“Jesus was about building relationships across lines, and we are about building power and defining power as the ability to act. Power itself is neutral. How you use it is what matters,” she said, adding, “So many families don’t have a voice or the power to right the injustices they encounter, but churches and secular organizations do — especially when they join together for a common cause.”
[Photo Credit: Westminster Presbyterian Church]
In advance of 2021 School Board elections in Jefferson County, Coloradans for the Common Good (CCG) assembled over 300 people at Trinity Presbyterian Church for a non-partisan candidate accountability session. All six school board candidates were asked "yes or no" in regard to increasing wages for education support professionals and increasing access to healthy food.
All six candidates said yes. After the election, CCG worked alongside member institution Jeffco Education Support Professional Association (JESPA) to hold the recently elected candidates accountable to their commitment. The work resulted in higher wages for school workers and healthier food options for Jeffco students. Andrea Cisneros, a leader with JESPA and CCG, tells the story of how it happened:
“Some parents got ahold of our union and asked us how to get better food that’s more culturally relevant to what they eat at home....”
“Parents were upset and didn't know what steps to take. They joined us and the Coloradans for the Common Good, … and, together, we set up a game plan.” JESPA [Jeffco Education Support Professionals Association] is a member of Coloradans for the Common Good, a broad-based organization comprised of over 30 local institutions, including congregations, unions, non-profits, and neighborhood organizations, committed to the common good of all people.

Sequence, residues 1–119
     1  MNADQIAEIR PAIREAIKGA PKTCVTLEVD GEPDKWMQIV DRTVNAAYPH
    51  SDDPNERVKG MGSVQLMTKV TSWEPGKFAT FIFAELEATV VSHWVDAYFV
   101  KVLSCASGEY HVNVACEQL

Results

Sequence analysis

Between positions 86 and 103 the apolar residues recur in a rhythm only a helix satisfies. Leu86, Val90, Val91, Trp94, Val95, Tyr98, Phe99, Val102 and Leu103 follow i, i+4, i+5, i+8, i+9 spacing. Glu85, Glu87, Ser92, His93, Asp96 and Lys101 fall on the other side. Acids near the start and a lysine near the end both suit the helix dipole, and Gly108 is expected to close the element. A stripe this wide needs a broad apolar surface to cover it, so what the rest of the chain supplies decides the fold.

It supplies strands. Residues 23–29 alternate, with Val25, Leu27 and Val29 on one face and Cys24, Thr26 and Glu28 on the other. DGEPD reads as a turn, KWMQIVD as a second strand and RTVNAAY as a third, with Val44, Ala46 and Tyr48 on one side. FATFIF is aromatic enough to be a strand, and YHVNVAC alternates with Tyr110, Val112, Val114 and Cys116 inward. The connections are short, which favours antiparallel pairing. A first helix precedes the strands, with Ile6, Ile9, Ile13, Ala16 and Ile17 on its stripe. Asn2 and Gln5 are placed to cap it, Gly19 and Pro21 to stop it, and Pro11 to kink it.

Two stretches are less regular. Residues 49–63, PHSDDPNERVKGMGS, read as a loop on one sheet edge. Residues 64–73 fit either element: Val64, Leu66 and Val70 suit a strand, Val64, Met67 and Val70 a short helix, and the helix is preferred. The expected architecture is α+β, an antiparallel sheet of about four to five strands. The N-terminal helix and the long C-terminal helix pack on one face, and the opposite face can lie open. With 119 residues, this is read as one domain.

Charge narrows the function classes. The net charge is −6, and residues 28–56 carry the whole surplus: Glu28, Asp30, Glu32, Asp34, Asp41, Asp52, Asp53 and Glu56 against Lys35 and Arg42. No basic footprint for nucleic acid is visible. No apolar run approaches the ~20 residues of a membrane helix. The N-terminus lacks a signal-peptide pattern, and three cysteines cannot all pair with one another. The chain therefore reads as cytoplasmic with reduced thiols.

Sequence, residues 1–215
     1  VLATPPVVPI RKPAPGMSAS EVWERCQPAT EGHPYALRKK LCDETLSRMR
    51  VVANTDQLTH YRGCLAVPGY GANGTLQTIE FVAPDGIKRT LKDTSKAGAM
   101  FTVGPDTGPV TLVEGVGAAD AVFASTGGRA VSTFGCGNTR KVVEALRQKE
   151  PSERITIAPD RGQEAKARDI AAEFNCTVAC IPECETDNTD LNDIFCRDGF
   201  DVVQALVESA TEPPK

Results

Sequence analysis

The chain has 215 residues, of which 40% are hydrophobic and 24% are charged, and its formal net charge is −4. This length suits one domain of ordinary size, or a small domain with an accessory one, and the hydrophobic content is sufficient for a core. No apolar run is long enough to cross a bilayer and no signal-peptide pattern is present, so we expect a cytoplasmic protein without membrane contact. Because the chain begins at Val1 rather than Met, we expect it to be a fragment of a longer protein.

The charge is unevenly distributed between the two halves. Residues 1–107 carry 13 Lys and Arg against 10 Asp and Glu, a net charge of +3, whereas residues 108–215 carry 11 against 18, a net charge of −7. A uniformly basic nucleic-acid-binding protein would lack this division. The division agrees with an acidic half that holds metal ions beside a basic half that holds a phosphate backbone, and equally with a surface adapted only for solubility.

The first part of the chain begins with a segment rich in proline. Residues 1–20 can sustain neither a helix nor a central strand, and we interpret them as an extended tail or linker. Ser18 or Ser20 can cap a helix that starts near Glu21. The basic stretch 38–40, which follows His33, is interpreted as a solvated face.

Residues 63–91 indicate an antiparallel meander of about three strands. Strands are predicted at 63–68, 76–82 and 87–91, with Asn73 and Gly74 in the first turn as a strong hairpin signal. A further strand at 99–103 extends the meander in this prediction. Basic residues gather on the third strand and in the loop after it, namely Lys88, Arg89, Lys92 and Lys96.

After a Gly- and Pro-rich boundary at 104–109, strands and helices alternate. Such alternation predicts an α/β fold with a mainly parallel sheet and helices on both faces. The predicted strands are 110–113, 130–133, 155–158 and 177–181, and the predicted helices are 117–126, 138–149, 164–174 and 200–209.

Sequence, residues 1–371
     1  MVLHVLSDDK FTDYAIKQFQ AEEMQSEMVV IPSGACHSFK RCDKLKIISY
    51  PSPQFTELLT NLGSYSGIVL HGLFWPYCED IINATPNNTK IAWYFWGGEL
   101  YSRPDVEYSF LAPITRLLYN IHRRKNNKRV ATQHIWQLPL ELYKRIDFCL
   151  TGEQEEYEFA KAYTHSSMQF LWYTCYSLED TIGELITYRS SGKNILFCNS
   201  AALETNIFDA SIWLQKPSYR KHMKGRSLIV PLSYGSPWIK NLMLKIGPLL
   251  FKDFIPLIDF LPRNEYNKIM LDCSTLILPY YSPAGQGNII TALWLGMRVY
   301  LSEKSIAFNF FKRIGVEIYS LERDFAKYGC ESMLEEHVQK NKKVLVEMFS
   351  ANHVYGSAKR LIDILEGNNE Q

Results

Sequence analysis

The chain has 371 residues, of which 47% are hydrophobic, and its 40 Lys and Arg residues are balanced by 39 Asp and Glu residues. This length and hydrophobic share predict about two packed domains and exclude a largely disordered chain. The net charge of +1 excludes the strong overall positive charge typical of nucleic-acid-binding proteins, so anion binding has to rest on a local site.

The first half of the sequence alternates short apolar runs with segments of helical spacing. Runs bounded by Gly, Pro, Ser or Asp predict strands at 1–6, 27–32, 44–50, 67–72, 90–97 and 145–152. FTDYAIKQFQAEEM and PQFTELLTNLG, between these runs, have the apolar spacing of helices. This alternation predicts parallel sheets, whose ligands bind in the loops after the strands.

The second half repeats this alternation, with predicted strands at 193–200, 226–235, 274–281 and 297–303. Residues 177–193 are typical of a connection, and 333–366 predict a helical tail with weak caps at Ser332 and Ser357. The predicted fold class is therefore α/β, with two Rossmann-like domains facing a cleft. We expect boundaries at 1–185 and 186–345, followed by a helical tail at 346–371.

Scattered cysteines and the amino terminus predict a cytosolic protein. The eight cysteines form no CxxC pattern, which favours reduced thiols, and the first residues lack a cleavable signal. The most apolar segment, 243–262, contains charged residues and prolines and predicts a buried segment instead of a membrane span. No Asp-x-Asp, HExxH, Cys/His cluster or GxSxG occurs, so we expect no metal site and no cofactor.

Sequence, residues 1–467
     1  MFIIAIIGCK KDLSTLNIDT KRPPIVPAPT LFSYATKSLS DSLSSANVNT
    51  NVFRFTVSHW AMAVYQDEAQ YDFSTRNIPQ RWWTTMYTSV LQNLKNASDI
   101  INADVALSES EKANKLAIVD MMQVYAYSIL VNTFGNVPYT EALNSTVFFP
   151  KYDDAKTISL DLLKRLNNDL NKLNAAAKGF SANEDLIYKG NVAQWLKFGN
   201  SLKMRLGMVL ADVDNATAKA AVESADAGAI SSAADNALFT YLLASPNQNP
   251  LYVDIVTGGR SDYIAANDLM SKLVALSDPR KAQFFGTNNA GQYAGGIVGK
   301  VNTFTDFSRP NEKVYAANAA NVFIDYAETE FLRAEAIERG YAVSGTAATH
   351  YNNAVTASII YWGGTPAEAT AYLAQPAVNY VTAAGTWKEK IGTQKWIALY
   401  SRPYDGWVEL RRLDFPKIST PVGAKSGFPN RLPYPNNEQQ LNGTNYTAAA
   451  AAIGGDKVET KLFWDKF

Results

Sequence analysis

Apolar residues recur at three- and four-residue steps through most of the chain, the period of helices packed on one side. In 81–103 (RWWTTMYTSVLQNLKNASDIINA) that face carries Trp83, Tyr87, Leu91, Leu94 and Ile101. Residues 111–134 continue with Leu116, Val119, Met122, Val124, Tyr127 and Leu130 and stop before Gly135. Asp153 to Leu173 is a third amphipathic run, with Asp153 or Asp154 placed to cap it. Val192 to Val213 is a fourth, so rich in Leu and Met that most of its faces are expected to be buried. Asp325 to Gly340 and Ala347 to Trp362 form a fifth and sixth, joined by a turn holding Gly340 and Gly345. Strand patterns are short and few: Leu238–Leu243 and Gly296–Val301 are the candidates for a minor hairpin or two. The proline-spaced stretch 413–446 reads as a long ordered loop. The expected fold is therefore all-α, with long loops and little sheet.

The game plan was to grow their network of support among the community, partner with groups familiar with farm-to-table approaches, visit other districts that were serving healthy foods, and push their elected officials or any candidate running for office, at the time, to publicly support JESPA’s efforts.
JESPA ... successfully negotiated a pilot program that will replace junk food and highly processed prepackaged food with healthier, scratch-cooked options. Plus, menu creation will include parent and student voices and will have more culturally relevant options. The pilot will start in three schools: an elementary, middle, and high school.
While the menu is still in progress, Cisneros hopes to serve quesadillas, enchiladas, or homemade burritos, instead of frozen burritos in a packet.
“We realized that we have more power together, … and we couldn’t have done this without the support from our parents and community,” she adds.
[Photo Credit: NEA Today]